Bath councillors are arguing for taxpayers’ money to be spent on converting a public toilet into a wine bar. It is the latest twist in the Bath and North East Somerset’s (B&NES) bungled attempt to save £120,000 by closing down 14 public toilets across the region.
Situated in the village of Larkhall, the public toilet was all set to be closed down, when a series of protests—including a woman spending several nights in one loo—plus a 2,800-signature petition, forced a u-turn on the council who have agreed now not to close the toilets unless other provision can be made for the vulnerable people who need to use the loos. The whole procedure was so clearly a public relations act to show that the council was getting tough on expenditure, while actually doing little to trim its back-room budget. The removal of one senior management post would more than have covered the £120,000 they wished to save by closing down the toilets.
But now in a worrying trend B&NES is setting itself up as a taxpayer funded restaurateur and bar-owner—it recently ejected one successful restaurant from a city centre premises to set up its own council run bistro. Now it is planning to put taxpayers’ money towards converting Larkhall Square convenience into a wine bar.
‘The idea is to turn water into wine,’ says one B&NES councillor. ‘I think the council will put some money towards it, it’s a really viable proposal.’ He adds the wine bar loo has been ‘agreed in principle.’ Our message is simple, if it is a viable proposal then why do taxpayers need to subsidise it.
So we may soon be able to toast the health of the council in a toilet—sounds about right…
In our report ‘201 Ways to Save Money in Local Government’ published last month, number 188 was reduce the number of councillors. I don’t know whether Keighley’s deputy mayor, Judith Brooksbank has seen our report, however she is proposing just that after the suggestion received strong support at a local consultation meeting.
Currently, Bradford Council has a total of 90 councillors spilt between thirty wards – three per ward. Cllr Brooksbank has proposed cutting the number of councillors by a third, leaving two per ward, meaning there wouldn’t have to be any redrawing of the boundaries which can be a lengthy and costly process. According to her, it could save £390,000 a year. Her proposal has not gone down well though with the leader of Bradford Council, Cllr Dave Green. He said:
One issue is whether the actual savings would overcome the representational issue it would cause. I know that different wards have different types of workload. The councillors I know from all parties are all extremely busy doing their ward work. It’s not a simple argument to say that you cut the number of councillors by a third and automatically save a third of the amount of money.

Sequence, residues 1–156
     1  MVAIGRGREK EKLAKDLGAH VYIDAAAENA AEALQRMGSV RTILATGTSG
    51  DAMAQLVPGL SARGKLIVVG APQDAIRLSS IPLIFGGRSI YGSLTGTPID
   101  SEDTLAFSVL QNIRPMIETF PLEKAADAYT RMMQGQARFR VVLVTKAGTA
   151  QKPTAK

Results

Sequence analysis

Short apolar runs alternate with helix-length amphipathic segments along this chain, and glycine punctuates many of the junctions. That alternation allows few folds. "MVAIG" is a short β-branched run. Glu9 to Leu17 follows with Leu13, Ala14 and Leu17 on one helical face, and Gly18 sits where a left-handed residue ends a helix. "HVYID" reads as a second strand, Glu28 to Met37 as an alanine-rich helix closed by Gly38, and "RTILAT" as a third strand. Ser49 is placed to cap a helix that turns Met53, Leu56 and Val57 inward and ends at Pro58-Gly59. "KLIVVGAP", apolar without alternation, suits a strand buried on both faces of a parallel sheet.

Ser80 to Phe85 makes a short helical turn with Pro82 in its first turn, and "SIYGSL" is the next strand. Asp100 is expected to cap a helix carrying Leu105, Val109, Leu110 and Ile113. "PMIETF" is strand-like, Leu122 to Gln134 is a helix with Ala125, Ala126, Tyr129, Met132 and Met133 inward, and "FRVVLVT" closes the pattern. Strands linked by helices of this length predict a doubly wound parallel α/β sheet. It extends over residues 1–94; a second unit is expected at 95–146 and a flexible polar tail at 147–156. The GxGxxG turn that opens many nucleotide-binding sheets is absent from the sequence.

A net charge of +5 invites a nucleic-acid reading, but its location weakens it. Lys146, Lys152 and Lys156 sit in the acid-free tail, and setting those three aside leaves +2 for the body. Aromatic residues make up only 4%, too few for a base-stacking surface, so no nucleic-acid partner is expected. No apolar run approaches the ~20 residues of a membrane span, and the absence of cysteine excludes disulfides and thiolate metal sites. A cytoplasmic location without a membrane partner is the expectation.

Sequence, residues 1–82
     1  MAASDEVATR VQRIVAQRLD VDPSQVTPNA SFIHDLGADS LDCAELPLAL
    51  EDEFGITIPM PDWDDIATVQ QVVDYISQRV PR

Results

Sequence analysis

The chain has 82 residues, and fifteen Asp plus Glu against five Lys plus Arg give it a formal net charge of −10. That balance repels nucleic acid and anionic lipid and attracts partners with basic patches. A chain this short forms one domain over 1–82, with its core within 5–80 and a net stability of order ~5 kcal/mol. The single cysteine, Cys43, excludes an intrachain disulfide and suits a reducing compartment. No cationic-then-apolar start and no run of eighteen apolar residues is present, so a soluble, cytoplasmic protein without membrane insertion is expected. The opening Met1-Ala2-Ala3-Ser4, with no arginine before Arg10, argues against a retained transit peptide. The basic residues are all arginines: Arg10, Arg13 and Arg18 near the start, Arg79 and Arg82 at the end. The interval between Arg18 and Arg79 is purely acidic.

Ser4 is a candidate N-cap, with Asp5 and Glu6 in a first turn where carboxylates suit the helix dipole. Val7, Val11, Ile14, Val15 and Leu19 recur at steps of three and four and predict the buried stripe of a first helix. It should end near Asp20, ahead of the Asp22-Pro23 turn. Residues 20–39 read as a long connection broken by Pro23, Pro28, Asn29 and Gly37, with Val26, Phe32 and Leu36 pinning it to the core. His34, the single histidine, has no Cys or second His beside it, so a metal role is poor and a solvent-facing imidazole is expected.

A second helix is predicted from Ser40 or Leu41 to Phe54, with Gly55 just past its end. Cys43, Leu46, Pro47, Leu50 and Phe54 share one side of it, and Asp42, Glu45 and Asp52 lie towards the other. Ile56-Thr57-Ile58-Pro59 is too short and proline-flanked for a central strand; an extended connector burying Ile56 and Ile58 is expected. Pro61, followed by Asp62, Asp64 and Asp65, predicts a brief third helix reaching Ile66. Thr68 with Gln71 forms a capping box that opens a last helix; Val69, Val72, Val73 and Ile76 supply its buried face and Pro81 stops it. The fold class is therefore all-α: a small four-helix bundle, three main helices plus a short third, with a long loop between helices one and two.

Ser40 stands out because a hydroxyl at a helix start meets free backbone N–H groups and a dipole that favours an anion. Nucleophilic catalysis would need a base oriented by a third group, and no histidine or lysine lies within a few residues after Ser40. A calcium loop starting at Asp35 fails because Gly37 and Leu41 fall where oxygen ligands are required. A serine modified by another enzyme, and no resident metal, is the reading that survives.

It may not be quite as simple as that, as some councillors may clock up some extra miles, however reducing the number of councillors by a third would undoubtedly reduce costs by a significant amount. And surely sixty councillors is enough to represent local taxpayers? Do Bradford residents really need ninety councillors? That’s for local residents to decide, although I can’t imagine the council suddenly becoming less democratic as a result of a reduction. In fact, standards could improve as there will be more competition for fewer places.
It will be interesting to see if existing councillors agree to put this proposal out for consultation next year. Or will it be a case of turkeys not voting for Christmas?
Swansea Council, along with some other councils in Wales, has proposed yet further cut backs to local bin collections. As I mentioned last week, the council proposes to limit the amount of refuse one household can have collected to only three black bags once a fortnight .
Households should be helped to recycle more but that does not justify the move. It is vital that we protect essential front-line services that taxpayers pay a fortune for through their Council Tax bill.
That’s why we’re holding an Action Day this Friday, 13 December, and will ask local people to sign our petition. You will find us on Oxford Street, Swansea, from 9.00 am until lunchtime. Please come and show your support against this outrageous policy.
Buckinghamshire County Council’s cabinet has just recommended just under two per cent increase in Council Tax next year.
I reported a couple of months ago that the council was undertaking a consultation giving residents the option of a two per cent increase, a four per cent increase, or a five per cent increase, but not a freeze. Just under half of those who responded favoured four or five per cent as the council said any additional cash raised above two per cent would be ring fenced and spend on the county’s roads. Without a clear mandate, cabinet members did not feel they could proceed with a referendum, which they say would have cost £300,000.
The leader of the council, Cllr Martin Tett, said the consultation did not allow residents the option of a freeze because of the statutory obligations the council has, such as offering every child a school place and it’s duty to look after vulnerable children and adults. I find this rather odd as every county council and unitary authority has the same obligations and yet many are still freezing Council Tax. He also commented that he was disappointed more residents had not approved of increases of four or five per cent. But with people struggling with rising prices and stagnant wages, the fact that they cannot afford a Council Tax increase should not come as a suprise .